Skip site navigation (1) Skip section navigation (2)

Searching for the cause of a bad plan

From: Csaba Nagy <nagy(at)ecircle-ag(dot)com>
To: postgres performance list <pgsql-performance(at)postgresql(dot)org>
Subject: Searching for the cause of a bad plan
Date: 2007-09-21 10:03:44
Message-ID: 1190369024.4661.173.camel@PCD12478 (view raw, whole thread or download thread mbox)
Lists: pgsql-performance
Hi all,

Postgres version: 8.2.4


table_a(a bigint, b bigint, primary key(a, b) );

table_b1(b bigint primary key, more columns...);

table_b2(b bigint primary key references table_b1(b), more columns...);

 ~ 27M rows;
 ~25 more columns;
 width=309 (as reported by explain select *);

 ~400M rows;
 - column "b" should reference table_b1, but it does not for performance
reasons (it is an insert only table);
 - column "a" distinct values: 1148
 - has (a, b) as primary key;
 - has no additional columns;

 ~40K rows;
 ~70 more columns;
 width=1788 (as reported by explain select *);

Statistics for the involved columns for each table are attached in files
(to preserve the spacing). They were taken after analyzing the relevant
table (except for table_b2 where I added the "fiddled" statistics first
and then remembered to analyze fresh, resulting in the "non_fiddled"
version, which gives the same result as the fiddled one).

The problem query is:

prepare test_001(bigint) as
FROM table_a ta 
JOIN table_b2 tb ON ta.b=tb.b
WHERE ta.a = $1  
ORDER BY ta.a, ta.b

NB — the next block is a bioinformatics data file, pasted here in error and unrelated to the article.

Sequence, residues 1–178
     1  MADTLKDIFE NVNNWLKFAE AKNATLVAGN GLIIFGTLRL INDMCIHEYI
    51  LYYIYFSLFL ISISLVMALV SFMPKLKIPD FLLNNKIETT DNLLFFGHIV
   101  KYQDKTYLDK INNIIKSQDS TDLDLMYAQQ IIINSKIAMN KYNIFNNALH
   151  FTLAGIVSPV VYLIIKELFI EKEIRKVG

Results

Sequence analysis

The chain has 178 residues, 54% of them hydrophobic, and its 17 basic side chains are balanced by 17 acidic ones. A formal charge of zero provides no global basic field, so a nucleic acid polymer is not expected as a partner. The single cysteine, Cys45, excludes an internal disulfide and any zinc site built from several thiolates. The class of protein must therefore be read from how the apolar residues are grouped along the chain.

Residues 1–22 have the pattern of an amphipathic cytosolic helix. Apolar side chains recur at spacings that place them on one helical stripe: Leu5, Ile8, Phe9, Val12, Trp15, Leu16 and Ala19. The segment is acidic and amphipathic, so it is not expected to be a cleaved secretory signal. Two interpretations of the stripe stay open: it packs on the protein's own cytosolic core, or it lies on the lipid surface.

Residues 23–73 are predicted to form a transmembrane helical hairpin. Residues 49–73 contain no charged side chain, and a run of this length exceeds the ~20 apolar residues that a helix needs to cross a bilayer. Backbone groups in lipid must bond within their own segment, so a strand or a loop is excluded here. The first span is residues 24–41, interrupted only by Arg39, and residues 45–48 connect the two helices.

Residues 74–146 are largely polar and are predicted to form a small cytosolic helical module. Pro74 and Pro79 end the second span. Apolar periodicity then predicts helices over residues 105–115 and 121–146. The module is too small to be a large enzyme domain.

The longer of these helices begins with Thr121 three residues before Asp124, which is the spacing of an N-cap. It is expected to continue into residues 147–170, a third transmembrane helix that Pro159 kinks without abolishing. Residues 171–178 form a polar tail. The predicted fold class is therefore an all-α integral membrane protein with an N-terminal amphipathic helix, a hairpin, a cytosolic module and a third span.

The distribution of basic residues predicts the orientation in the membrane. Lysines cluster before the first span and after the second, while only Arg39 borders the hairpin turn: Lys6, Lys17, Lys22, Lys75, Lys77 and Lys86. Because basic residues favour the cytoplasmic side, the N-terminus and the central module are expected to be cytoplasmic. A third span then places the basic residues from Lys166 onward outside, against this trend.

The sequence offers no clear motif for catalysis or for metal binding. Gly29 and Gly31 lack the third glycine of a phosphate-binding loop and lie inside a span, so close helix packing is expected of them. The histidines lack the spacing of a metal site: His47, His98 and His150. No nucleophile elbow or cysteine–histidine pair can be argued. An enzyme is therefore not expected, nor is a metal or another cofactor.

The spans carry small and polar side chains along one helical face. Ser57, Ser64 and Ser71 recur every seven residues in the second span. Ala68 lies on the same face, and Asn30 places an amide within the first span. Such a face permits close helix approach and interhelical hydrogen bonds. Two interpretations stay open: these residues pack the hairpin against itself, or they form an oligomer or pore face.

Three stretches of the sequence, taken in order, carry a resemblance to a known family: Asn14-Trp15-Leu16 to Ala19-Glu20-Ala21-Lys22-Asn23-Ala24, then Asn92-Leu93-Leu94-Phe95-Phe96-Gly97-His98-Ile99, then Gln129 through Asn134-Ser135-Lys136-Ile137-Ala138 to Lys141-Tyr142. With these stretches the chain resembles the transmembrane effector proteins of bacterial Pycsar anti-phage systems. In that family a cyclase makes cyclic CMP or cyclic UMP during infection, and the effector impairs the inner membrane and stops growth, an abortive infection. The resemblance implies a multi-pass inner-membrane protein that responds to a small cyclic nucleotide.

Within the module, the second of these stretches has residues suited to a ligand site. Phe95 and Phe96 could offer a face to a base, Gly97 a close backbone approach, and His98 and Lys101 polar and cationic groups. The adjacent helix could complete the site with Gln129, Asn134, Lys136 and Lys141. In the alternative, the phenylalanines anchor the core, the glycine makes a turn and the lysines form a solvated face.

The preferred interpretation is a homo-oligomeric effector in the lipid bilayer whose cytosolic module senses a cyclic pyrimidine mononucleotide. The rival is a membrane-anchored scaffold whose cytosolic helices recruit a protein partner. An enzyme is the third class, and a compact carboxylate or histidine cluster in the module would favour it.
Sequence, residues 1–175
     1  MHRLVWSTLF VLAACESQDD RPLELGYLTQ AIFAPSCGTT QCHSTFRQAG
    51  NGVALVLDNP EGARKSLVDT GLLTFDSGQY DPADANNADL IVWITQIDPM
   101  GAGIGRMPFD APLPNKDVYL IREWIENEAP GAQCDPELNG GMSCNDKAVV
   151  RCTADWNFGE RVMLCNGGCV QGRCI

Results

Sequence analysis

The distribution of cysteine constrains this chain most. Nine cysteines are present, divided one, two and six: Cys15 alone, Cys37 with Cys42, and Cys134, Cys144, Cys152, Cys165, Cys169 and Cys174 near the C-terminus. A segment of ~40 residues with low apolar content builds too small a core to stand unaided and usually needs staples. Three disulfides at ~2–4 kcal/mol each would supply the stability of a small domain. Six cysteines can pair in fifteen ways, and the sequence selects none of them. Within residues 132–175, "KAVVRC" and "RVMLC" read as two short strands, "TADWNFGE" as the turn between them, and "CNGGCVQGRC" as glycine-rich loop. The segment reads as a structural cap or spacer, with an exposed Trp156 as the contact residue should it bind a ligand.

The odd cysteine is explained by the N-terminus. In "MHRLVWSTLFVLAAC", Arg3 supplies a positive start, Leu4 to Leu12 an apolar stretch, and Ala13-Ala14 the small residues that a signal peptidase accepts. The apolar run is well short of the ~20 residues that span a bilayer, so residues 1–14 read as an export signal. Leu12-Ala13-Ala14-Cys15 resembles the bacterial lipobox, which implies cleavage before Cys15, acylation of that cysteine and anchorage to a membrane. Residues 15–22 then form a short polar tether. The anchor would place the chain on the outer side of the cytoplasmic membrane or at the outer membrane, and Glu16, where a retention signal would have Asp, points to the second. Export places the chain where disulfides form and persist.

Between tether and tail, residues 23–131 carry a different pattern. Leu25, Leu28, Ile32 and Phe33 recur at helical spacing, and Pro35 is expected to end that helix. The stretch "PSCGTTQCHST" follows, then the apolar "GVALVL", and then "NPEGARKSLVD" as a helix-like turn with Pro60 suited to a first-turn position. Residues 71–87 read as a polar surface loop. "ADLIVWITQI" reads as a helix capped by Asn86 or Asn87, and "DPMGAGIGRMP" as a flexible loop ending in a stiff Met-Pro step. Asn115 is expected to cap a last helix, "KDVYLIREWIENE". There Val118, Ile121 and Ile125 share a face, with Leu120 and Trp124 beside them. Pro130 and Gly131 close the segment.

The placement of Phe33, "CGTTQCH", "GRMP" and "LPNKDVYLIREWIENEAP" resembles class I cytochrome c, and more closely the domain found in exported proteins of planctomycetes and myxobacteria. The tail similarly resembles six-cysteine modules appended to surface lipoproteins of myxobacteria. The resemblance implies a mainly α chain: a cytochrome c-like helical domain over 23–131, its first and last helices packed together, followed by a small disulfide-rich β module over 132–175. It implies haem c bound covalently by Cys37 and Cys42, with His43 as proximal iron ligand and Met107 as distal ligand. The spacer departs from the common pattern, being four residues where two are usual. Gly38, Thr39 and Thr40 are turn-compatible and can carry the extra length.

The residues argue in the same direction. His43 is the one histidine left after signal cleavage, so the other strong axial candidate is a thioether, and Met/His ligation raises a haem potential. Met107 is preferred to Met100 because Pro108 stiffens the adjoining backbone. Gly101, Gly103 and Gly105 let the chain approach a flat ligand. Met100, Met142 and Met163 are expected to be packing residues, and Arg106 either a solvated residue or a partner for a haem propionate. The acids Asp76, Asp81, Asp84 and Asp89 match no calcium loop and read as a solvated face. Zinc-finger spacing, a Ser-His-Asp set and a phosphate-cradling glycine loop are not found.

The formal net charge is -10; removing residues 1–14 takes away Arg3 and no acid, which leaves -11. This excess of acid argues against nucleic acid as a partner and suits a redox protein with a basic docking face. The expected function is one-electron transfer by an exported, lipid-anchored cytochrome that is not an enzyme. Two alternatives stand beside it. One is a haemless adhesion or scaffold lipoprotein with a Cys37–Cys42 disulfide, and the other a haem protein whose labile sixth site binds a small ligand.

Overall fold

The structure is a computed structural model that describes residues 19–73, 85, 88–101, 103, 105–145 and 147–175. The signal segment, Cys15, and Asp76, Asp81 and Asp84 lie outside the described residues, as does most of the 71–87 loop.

limit 10;

Explain gives Plan 1 (see attached plans.txt)

If I set enable_hashjoin=off and enable_mergejoin=off, I get Plan 2
(again, see plans.txt).

The difference is a 30x improvement in the second case...
(I actually forgot to account for cache effects, but later rerun the
queries multiple times and the timings are proportional).

Additionally, if I replace table_b2 with table_b1 in the query, I get
Plan 3 (with reasonable execution time) with both enable_hashjoin and
enable_mergejoin on. So there is something which makes table_b2
different from table_b1 for planning purposes, but I could not identify
what that is... they have differences in statistics, but fiddling with
the stats gave me no difference in the plan.

Looking at Plan 2, it looks like the "limit" step is estimating wrongly
it's cost. I guessed that it does that because it thinks the "b" values
selected from table_a for a given "a" span a larger range than the "b"
values in table_b2, because the "b" values in table_b2 are a (relatively
small) subset of the "b" values in table_a. But this is not the case,
the query only gets "a" values for which all the "b" values in table_a
will be found in table_b2. Of course the planner has no way to know
this, but then I think it is not the case, as I tried to copy the
histogram statistics in pg_statistic for the column "b" from the entry
for table_b1 (which contains the whole span of "b" values) to the entry
for table_b2, with no change in the plan.

Just for the record, this query is just a part of a more complex one,
which joins in bigger tables, resulting in even worse performance, but I
tracked it down to refusing the nested loop to be the problem.

Is there anything I could do to convince the planner to use here the
nested loop plan ?


Attachment: table_a_stats.txt
Description: text/plain (1.4 KB)
Attachment: table_b1_stats.txt
Description: text/plain (1.1 KB)
Attachment: table_b2_stats.txt
Description: text/plain (1.1 KB)
Attachment: plans.txt
Description: text/plain (3.1 KB)
Attachment: table_b2_stats_non_fiddled.txt
Description: text/plain (609 bytes)


pgsql-performance by date

Next:From: Csaba NagyDate: 2007-09-21 10:08:45
Subject: Re: Linux mis-reporting memory
Previous:From: Dimitri FontaineDate: 2007-09-21 09:48:50
Subject: Re: Linux mis-reporting memory

Privacy Policy | About PostgreSQL
Copyright © 1996-2017 The PostgreSQL Global Development Group